Life comes with changes. One of
the biggest changes can be moving overseas with your or your spouse's job. The expatriate
experience can be a great one, but is it right for Fido and Fluffy? Cat in Carrier (Public Domain Photo)Cat in Carrier (Public Domain Photo)Here
are a few things to consider when making the decision whether or not to
move the whole family.

Consider the animal.  If your pet does not travel or adapt to new circumstances well, you may want to consider finding a new family for your pet rather than trying to put it through the stress of moving a long distance. For an older animal the physical demands alone can be too much.

Consider the length of your assignment. The shorter your time overseas, the less worthwhile it may be to go jumping through all of the hoops necessary to move your pet. A year-long assignment to a country where your pet will need to spend six months in quarantine may be a bit much for your pet to endure. On the other hand, a five-year assignment may make the whole project more feasible.

Expatriate Pets in England (Public Domain Image)Expatriate Pets in England (Public Domain Image)

Consider what you will be facing. While it may be an attractive idea to have your furry best friend with you, it may just not be feasible overall. In addition to new job duties,
you will be dealing with your own details of the move -- getting settled into a new home, finding your way around, establishing new services, and making new friends. Your pet won't be
the only one facing a big adjustment. You may be faced with learning to communicate
in a new language and trying to communicate non-verbally. You are
likely to experience the unique stresses of culture shock. All of these things are likely to take more time than you think. How will your
difficulties in dealing with change affect your pet?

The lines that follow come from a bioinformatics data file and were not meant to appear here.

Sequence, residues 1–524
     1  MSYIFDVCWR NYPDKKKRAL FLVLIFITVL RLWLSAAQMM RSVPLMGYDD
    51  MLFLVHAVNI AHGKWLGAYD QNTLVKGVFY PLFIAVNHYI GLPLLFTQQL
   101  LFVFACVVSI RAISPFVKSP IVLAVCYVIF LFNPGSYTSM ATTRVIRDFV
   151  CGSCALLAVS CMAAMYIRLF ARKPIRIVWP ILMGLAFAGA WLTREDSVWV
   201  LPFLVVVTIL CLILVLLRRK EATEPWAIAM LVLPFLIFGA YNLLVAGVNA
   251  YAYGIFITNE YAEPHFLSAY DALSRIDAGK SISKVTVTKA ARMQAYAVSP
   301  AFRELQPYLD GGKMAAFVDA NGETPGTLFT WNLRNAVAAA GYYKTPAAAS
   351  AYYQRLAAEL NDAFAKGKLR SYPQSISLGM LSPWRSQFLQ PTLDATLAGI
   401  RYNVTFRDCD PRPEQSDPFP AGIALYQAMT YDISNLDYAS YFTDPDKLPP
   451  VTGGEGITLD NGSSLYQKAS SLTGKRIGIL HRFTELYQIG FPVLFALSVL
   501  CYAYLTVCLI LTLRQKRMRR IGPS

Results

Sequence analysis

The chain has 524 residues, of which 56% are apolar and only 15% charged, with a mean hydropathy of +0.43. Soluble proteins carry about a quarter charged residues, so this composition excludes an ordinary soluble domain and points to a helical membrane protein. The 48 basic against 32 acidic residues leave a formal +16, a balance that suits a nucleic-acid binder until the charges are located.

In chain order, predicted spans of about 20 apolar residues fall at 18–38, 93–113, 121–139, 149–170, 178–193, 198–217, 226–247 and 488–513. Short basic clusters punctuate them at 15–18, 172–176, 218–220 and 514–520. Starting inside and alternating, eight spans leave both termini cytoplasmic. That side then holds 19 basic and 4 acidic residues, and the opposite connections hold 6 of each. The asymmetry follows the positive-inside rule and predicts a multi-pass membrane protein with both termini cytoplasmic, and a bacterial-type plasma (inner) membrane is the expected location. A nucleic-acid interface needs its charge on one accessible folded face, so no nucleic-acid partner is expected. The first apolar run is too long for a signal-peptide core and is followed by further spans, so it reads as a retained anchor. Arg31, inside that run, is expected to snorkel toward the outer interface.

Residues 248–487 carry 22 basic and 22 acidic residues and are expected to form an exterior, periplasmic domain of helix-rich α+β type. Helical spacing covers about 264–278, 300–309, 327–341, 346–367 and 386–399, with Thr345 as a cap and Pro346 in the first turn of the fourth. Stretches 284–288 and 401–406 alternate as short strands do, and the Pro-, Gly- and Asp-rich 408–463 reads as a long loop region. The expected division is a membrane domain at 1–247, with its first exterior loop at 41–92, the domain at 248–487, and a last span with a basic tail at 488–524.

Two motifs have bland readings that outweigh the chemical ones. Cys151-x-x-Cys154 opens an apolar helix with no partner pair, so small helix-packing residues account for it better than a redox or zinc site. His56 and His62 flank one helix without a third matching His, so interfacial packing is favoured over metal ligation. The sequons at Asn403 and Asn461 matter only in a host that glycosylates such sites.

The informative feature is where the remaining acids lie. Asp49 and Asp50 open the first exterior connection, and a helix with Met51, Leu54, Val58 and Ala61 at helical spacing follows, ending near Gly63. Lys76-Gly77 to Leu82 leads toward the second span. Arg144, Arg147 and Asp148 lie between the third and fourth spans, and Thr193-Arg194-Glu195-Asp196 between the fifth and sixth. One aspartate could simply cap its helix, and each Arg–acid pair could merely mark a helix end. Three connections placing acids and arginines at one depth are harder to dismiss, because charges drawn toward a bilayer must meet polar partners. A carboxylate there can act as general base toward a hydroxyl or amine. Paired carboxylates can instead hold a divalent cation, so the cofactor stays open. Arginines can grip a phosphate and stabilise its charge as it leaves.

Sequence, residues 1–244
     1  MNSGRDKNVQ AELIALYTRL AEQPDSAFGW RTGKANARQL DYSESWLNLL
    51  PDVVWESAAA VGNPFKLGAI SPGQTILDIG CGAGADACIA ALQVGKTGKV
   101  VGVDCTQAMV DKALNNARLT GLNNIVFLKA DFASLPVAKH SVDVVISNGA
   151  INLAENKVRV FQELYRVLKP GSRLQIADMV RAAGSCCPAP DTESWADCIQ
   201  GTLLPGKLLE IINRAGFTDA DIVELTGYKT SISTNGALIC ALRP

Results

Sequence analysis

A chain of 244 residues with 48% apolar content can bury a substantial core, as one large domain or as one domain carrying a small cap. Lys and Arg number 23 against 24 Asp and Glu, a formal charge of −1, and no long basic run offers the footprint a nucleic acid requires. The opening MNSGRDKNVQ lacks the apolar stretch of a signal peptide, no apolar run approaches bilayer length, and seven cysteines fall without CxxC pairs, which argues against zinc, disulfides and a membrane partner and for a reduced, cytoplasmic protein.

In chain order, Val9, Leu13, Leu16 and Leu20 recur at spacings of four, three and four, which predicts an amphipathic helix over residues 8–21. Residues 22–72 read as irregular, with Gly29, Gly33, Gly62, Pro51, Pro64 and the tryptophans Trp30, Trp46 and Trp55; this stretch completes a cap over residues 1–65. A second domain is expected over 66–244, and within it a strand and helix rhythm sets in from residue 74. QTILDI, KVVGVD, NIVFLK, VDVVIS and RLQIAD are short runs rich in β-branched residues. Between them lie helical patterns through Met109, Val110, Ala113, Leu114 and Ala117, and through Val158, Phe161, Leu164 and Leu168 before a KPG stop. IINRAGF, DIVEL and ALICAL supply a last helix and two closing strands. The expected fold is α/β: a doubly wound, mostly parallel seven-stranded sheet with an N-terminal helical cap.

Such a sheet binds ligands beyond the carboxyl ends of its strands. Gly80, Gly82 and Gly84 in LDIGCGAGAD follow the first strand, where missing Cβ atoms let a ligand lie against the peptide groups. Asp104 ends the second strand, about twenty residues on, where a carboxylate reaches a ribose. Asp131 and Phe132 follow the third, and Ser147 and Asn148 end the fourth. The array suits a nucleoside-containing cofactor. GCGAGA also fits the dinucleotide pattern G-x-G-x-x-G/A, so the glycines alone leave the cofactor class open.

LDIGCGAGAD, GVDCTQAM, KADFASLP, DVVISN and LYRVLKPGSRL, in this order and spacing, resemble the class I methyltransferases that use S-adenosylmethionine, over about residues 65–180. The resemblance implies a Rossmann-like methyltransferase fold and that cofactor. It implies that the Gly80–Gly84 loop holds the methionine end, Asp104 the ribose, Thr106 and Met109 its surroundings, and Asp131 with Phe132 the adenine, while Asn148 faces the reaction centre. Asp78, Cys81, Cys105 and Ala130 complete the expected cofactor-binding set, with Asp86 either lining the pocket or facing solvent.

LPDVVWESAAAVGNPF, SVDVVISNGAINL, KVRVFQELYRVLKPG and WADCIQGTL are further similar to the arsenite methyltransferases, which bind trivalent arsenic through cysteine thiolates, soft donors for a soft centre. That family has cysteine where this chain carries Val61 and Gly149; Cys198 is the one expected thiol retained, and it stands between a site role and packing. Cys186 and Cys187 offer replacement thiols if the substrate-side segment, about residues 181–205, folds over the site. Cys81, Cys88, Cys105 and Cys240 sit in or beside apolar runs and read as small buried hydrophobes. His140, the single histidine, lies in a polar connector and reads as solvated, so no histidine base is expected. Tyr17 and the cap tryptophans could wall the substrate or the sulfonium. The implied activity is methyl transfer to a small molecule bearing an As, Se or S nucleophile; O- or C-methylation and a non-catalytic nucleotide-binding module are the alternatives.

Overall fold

Consider your country of assignment. Before you make the decision find out more about the attitude towards pets in the country you will be living. Find out what the laws are regarding pets. Some countries allow only certain breeds of dogs or cats. Some countries only allow indoor cats. Other expatriates can help fill you in on the availability of veterinarians and boarding kennels. Know what you are getting into ahead of time.

Consider what your will need to know. Find a veterinarian with experience in handling pets that are moving overseas. This will be a great resource in educating yourself on what you will need to accomplish. 

Contact the consulate for that country and find out what it will take to get your pet moved. Different countries Dog in Travel Container (Photo by Chachacha369/Creative Commons via Wikimedia)Dog in Travel Container (Photo by Chachacha369/Creative Commons via Wikimedia)have different requirements. Do this well in advance of the move since some of the veterinary visits may need to be done on a very specific schedule.

Consider the expense. Moving a pet overseas can be an expensive prospect. It is hard to think of putting a price on such a thing, but the economics can be daunting. From vet visits for check-ups, travel expenses, and the cost of care in-country, you need to do some serious planning ahead.

Consider hiring a pet relocation service. A good service can help you take care of all of the pesky details involved in getting your pet moved -- from getting through the vet check-ups, to air travel requirements, to making sure your pet is handled safely through the move. They will also be able to provide you with the advice and information you will need to make this journey. A company such as PetRelocation.com can be a huge help.

Consider leaving your pet behind. In addition to being a gut-wrenching, sleepless-night sort of decision because you adopted your pet with a pledge to take care of it for its entire life. So making sure that your dog or cat has a new "forever" home is also a challenge. You will want to find someone you know will care for and love your pet as much as you do. Have your pet's new human come over several times just to meet and interact with them. This will reduce the stress on your animal by creating familiarity and comfort ahead of time. This will also reduce your stress as you are able to witness how they get along while you are still around.

Sources:  Overseas Digest, Matador Network

Note: Laurie Kay Olson worked for many years with a consulting firm specializing in cross-cultural training for managers and executives going on international assignment. She helped companies assess the likelihood of an individual's success as an expatriate.

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